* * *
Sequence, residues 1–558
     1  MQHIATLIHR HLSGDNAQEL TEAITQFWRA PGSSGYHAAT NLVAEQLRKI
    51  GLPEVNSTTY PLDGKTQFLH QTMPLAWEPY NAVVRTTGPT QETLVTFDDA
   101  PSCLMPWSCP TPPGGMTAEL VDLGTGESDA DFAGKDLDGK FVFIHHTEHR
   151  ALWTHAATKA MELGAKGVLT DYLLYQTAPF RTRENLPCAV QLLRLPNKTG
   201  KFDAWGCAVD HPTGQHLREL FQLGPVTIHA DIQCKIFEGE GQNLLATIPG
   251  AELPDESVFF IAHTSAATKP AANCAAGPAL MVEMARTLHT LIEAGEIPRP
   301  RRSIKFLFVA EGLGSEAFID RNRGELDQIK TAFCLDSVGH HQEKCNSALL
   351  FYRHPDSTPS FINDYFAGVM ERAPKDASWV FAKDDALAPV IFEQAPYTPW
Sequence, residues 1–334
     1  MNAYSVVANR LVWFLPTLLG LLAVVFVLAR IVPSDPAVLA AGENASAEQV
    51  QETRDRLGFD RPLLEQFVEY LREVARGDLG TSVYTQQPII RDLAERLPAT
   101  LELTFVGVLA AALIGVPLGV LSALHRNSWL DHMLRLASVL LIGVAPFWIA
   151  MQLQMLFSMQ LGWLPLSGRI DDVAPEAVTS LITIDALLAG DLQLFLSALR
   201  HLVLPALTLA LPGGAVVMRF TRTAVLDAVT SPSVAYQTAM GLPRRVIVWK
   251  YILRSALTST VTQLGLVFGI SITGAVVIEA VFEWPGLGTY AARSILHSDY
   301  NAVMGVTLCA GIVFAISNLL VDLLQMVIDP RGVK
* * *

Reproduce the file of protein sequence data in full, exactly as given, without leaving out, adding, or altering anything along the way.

Sequence, residues 1–558
     1  MQHIATLIHR HLSGDNAQEL TEAITQFWRA PGSSGYHAAT NLVAEQLRKI
    51  GLPEVNSTTY PLDGKTQFLH QTMPLAWEPY NAVVRTTGPT QETLVTFDDA
   101  PSCLMPWSCP TPPGGMTAEL VDLGTGESDA DFAGKDLDGK FVFIHHTEHR
   151  ALWTHAATKA MELGAKGVLT DYLLYQTAPF RTRENLPCAV QLLRLPNKTG
   201  KFDAWGCAVD HPTGQHLREL FQLGPVTIHA DIQCKIFEGE GQNLLATIPG
   251  AELPDESVFF IAHTSAATKP AANCAAGPAL MVEMARTLHT LIEAGEIPRP
   301  RRSIKFLFVA EGLGSEAFID RNRGELDQIK TAFCLDSVGH HQEKCNSALL
   351  FYRHPDSTPS FINDYFAGVM ERAPKDASWV FAKDDALAPV IFEQAPYTPW
Sequence, residues 1–334
     1  MNAYSVVANR LVWFLPTLLG LLAVVFVLAR IVPSDPAVLA AGENASAEQV
    51  QETRDRLGFD RPLLEQFVEY LREVARGDLG TSVYTQQPII RDLAERLPAT
   101  LELTFVGVLA AALIGVPLGV LSALHRNSWL DHMLRLASVL LIGVAPFWIA
   151  MQLQMLFSMQ LGWLPLSGRI DDVAPEAVTS LITIDALLAG DLQLFLSALR
   201  HLVLPALTLA LPGGAVVMRF TRTAVLDAVT SPSVAYQTAM GLPRRVIVWK
   251  YILRSALTST VTQLGLVFGI SITGAVVIEA VFEWPGLGTY AARSILHSDY
   301  NAVMGVTLCA GIVFAISNLL VDLLQMVIDP RGVK